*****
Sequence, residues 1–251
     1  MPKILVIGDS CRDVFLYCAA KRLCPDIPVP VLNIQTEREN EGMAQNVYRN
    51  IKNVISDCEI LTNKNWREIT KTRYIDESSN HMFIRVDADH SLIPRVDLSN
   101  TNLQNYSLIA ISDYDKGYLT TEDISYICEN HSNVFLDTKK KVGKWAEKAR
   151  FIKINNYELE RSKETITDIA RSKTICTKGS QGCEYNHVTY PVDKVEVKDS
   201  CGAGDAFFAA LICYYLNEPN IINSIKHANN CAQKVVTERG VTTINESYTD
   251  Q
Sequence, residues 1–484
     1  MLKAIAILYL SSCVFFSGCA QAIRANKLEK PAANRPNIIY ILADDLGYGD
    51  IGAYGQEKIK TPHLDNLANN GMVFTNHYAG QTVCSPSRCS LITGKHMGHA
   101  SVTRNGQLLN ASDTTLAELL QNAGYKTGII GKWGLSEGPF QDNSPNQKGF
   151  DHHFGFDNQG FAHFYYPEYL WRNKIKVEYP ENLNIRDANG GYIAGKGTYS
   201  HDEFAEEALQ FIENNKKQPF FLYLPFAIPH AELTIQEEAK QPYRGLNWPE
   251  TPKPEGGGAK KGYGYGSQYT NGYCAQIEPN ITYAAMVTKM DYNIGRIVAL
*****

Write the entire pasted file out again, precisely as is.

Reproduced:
Sequence, residues 1–251
     1  MPKILVIGDS CRDVFLYCAA KRLCPDIPVP VLNIQTEREN EGMAQNVYRN
    51  IKNVISDCEI LTNKNWREIT KTRYIDESSN HMFIRVDADH SLIPRVDLSN
   101  TNLQNYSLIA ISDYDKGYLT TEDISYICEN HSNVFLDTKK KVGKWAEKAR
   151  FIKINNYELE RSKETITDIA RSKTICTKGS QGCEYNHVTY PVDKVEVKDS
   201  CGAGDAFFAA LICYYLNEPN IINSIKHANN CAQKVVTERG VTTINESYTD
   251  Q
Sequence, residues 1–484
     1  MLKAIAILYL SSCVFFSGCA QAIRANKLEK PAANRPNIIY ILADDLGYGD
    51  IGAYGQEKIK TPHLDNLANN GMVFTNHYAG QTVCSPSRCS LITGKHMGHA
   101  SVTRNGQLLN ASDTTLAELL QNAGYKTGII GKWGLSEGPF QDNSPNQKGF
   151  DHHFGFDNQG FAHFYYPEYL WRNKIKVEYP ENLNIRDANG GYIAGKGTYS
   201  HDEFAEEALQ FIENNKKQPF FLYLPFAIPH AELTIQEEAK QPYRGLNWPE
   251  TPKPEGGGAK KGYGYGSQYT NGYCAQIEPN ITYAAMVTKM DYNIGRIVAL